(4) Now this one is a little different. Not easy to see at first, but none of them are, but this one has purpose, as it caters for the visually impaired, so seeing it, is somewhat irrelevant.
This is the Eone Bradley Classic Black Mesh with it’s inside, outside “silver balls” that you can feel with your fingers. The outer one on the edge of the case, indicates the Hour and the inner one, the Minutes (assuming a 12 hour clock dial). The dial is matte black and has raised markers and an strongly embossed diamond at 12, so it has a Braille touch style, which really does assist those with impaired vision. Obviously there is no glass/crystal here as the fingers can feel the raised numeral markers and the ball on the dial.
So this is a model that has genuine purpose in reading time in a different and very useful manner.
(5) OK this is the last one is probably the best one for me, because it’s relatively readable and is an older idea seen on quite a few vintage watches.
This is the
Klokers Klok 01-D1 Yellow Matte Black Leather – which is an update of the old disc watch, where Hour, Minute and Seconds discs move round a large dial and pass underneath a vertical fixed pointer which highlights the time.
Just read down vertically from the top – this one looks to me to be about 10.20 and almost 30 seconds, so can give quite an accurate time. Mind you to pick out the seconds it really has to be read. Personally I’d prefer the numbers to be in a heavier font with more contrast – but that might just be me.
A quick glance, however, should give you the 10:20 bit, which is probably accurate enough for most of us.
Also this watch is a “mobile” – which is evident as the discs rotate, but unlike hands, these rotate anti-clockwise, which is a bit odd when first seen. Also each disc rotates at a different speed!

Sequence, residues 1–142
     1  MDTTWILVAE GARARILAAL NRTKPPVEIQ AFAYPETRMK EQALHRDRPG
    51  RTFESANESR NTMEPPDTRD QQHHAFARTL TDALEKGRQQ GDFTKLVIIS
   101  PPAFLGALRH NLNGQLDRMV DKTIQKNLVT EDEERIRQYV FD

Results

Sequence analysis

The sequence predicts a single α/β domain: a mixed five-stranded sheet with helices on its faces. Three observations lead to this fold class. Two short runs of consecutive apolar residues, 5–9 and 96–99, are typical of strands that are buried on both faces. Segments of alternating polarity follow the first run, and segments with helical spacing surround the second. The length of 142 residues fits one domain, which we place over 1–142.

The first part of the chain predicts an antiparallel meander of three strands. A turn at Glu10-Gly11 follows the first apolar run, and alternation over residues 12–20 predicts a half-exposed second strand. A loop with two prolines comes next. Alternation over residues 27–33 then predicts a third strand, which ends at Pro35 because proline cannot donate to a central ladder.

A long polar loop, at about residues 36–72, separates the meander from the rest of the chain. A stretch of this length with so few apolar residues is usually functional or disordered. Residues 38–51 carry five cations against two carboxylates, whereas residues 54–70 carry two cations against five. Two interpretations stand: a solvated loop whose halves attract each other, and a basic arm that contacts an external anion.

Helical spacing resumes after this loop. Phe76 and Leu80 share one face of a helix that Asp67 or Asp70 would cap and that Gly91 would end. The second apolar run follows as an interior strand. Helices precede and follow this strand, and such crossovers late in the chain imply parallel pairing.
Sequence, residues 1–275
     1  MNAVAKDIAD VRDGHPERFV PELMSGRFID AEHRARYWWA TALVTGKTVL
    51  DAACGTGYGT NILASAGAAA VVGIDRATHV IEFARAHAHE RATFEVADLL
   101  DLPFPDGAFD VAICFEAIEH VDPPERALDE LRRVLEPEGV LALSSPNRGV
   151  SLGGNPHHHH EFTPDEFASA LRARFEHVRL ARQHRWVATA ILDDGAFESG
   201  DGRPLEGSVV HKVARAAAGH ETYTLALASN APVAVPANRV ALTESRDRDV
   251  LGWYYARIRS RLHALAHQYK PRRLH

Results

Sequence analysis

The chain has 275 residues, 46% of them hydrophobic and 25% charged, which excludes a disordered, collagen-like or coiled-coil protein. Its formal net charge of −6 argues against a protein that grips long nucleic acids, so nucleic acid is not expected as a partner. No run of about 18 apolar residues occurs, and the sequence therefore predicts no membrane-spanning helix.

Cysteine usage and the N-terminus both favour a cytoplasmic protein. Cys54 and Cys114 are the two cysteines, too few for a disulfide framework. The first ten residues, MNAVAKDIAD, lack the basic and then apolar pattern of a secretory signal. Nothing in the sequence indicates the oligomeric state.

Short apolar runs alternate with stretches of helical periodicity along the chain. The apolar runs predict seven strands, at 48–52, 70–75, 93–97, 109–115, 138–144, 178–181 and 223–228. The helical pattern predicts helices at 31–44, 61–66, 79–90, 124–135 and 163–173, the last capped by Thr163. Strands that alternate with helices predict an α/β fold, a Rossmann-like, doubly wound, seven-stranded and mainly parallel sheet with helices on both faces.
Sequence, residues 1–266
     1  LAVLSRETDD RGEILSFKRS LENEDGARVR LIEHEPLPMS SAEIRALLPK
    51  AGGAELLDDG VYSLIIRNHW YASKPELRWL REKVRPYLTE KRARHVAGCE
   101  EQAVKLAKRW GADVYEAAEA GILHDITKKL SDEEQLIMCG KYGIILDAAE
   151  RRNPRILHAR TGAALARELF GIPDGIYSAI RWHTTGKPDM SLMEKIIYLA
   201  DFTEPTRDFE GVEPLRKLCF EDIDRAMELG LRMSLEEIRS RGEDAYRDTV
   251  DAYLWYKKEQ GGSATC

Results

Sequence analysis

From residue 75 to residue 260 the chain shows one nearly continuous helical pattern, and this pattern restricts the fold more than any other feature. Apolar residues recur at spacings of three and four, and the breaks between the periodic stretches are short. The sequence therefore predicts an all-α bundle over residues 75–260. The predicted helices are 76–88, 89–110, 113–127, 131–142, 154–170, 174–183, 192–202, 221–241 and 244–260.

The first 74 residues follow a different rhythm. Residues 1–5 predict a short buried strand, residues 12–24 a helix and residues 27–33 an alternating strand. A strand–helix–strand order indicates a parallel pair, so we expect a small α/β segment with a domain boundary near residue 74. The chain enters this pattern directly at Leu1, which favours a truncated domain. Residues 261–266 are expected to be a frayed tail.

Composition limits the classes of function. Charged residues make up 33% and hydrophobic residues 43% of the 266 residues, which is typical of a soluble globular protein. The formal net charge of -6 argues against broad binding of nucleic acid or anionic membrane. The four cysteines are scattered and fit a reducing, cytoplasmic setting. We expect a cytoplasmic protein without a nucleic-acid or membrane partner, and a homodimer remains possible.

So, OK, I accept it can be a little tricky at first to get your head round these odd movements, but once on board you suddenly get the picture. It’s also a decent full dial size at 44 mm diameter, which helps.
Personally this one has an attraction for me. And maybe I like it because it shows time actually passing, which can be quite fascinating. And this is because, as I said, the disks constantly revolve and at different speeds – as I say – fascinating.
Disc watches truly involve you in the process of time itself, and if you like mobiles it’s very much cheaper than a Tourbillon!
The only downside I’ve found with the odd disc watch I’ve owned is their timekeeping. The discs have to revolve smoothly and without touching an adjacent disk and depending on the quality of manufacture, play is sometimes unavoidable, so accuracy can suffer a little.
But if it’s a quartz model it has at least a good basis to start with, the mechanics are minimal and should still be accurate enough for most of us – just check it every fortnight, if the mechanics are not quite to the same standard.
So there we are, just a selection of unconventional watch dials, guaranteed to confuse the elderly 😉
Of course I jest. These are unusual watches and inject a bit of interest and sometimes humor into what can be a tedious procession of clocks and watches that can be quite boring at times.
And as I haven’t had a disc watch for many years, I could be tempted by the Klok – just for fun.
And it’s also sobering that if you can see time actually moving – you’re still here!